I'll type straight if you'll think straight

In his response to something I wrote here yesterday, the National Review's Ramesh Ponnuru points out that I mispelled his last name. ("Matthew Boudway is so indignant over a post of mine that he can't even type straight.") I apologize to him for that. A Boudway can never be too careful about names. Anyway, it was not for lack of familiarity with his work: I think Ponnuru is one of the bright spots at NR, even if I disagree with him most of the time.

In my post, I remarked that Ponnuru presented no arguments about whether the Senate bill would fund elective abortions, and I criticized him for instead focusing on what he called "politics": the question of whose arguments most prolifers were likely to trust—not whose arguments were better, nor even whose argument should be trusted. I had also faulted the Weekly Standard piece he recommended for suggesting, without evidence, that community health centers performed abortions. Ponnuru responds:

1) You don't have to offer an argument when all you're doing is endorsing someone else's. 2) I don't see why we should credit the claim of an association of community health centers that not one of its members has ever performed an abortion absent some explanation of how it purports to know this alleged fact. 3) Even if the fact is stipulated it tells us nothing about how some of the CHCs will in the future respond to some activists' concerted efforts, already underway, to get them to offer abortions. 4) I argued that most pro-lifers were going to trust the National Right to Life Committee rather than, say, Commonweal on these issues and that this fact would have political implications. Boudway calls this passage "a textbook example of the ad hominem argument." Not if the textbook has an editor.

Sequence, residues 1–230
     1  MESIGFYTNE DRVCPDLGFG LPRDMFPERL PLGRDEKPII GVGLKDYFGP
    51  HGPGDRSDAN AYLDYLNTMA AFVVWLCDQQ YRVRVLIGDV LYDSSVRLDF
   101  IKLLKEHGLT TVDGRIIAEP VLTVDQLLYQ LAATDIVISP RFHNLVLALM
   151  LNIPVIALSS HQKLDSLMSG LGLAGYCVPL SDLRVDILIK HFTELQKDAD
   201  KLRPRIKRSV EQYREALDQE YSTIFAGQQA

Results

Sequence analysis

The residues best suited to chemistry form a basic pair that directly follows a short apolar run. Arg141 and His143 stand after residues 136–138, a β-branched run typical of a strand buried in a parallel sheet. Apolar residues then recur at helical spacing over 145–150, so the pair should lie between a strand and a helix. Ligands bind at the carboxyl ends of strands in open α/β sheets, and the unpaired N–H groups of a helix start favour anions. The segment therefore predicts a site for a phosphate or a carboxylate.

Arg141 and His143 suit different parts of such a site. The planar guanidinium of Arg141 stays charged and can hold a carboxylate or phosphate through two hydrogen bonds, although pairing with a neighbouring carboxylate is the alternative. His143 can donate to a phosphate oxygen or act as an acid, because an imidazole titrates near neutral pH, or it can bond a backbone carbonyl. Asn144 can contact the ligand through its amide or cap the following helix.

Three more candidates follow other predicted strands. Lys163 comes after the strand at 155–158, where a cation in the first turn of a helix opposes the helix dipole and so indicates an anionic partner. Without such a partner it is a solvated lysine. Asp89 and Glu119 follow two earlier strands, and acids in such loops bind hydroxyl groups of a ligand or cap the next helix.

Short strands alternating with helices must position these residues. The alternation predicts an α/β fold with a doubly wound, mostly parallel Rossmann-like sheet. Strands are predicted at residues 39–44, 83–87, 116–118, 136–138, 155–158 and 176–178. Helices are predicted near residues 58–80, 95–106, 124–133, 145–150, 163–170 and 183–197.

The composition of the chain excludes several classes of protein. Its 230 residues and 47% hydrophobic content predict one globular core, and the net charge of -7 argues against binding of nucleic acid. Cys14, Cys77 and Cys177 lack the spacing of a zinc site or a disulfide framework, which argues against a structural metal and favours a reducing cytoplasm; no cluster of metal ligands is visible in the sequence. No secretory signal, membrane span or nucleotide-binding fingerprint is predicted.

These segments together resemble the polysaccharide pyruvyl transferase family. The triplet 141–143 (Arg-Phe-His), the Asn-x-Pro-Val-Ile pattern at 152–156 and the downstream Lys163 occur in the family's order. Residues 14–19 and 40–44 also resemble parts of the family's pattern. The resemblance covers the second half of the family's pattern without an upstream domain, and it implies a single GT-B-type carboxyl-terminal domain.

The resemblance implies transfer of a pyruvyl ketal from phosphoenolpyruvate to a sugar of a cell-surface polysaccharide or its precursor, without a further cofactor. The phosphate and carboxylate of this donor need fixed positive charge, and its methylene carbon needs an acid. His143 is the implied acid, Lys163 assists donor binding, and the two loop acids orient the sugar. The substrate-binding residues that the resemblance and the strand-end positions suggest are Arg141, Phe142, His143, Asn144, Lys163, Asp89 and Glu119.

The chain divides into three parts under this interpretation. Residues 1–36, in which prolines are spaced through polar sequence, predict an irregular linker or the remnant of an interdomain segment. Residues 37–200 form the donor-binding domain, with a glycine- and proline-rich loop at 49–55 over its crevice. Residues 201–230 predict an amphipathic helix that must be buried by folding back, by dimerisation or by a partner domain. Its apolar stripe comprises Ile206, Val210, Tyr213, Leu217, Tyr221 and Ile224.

To which I'll answer with four points of my own.

First: When all you're doing is endorsing someone else's bad arguments for your conclusion, you should not be surprised if people ask you to provide some good ones instead.

Second: Ponnuru gets the burden of proof exactly backward. It is up to people on his side of this debate to produce evidence that community health centers have performed abortions. Those who represent the centers claim they haven't, and that claim has been widely reported in the media as a fact. Perhaps Ponnuru could tell us what sort of evidence would satisfy him on this point.

Third: The fact that prochoice activists would like community health centers to start performing abortions doesn't mean they probably will—any more thanthe fact that I spelled his name "Punnuru" means that he'll probably start spelling it that way himself, or the fact that I would like him to start presenting good arguments instead of recommending bad ones means that he will. (That "concerted efforts, already underway" is a gem: those efforts have been "underway"—and unsuccessful—for decades.)

Fourth: An ad hominem argument is one about the character of an argument's source rather than its merit. This is precisely the sort of argument that Ponnuru was making: What right-thinking prolifer would ever trust the arguments of Commonweal? By opposing talk of politics to the question of an argument's merits, Ponnuru is identifying politics with irrationality, ignorance, and prejudice: Who knows who's right, and who cares?These people will believe whatever the National Right to Life Committee tells them, and thank God for that. That way of approaching the question does indeed have political implications, and they aren't good.

Matthew Boudway is senior editor of Commonweal.

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